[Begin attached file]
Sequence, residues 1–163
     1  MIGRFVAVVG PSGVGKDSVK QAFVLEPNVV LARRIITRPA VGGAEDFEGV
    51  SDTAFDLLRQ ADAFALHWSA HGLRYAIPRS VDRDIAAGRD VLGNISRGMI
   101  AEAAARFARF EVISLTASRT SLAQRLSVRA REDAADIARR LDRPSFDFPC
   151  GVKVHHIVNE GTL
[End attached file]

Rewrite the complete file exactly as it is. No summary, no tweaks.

Sequence, residues 1–163
     1  MIGRFVAVVG PSGVGKDSVK QAFVLEPNVV LARRIITRPA VGGAEDFEGV
    51  SDTAFDLLRQ ADAFALHWSA HGLRYAIPRS VDRDIAAGRD VLGNISRGMI
   101  AEAAARFARF EVISLTASRT SLAQRLSVRA REDAADIARR LDRPSFDFPC
   151  GVKVHHIVNE GTL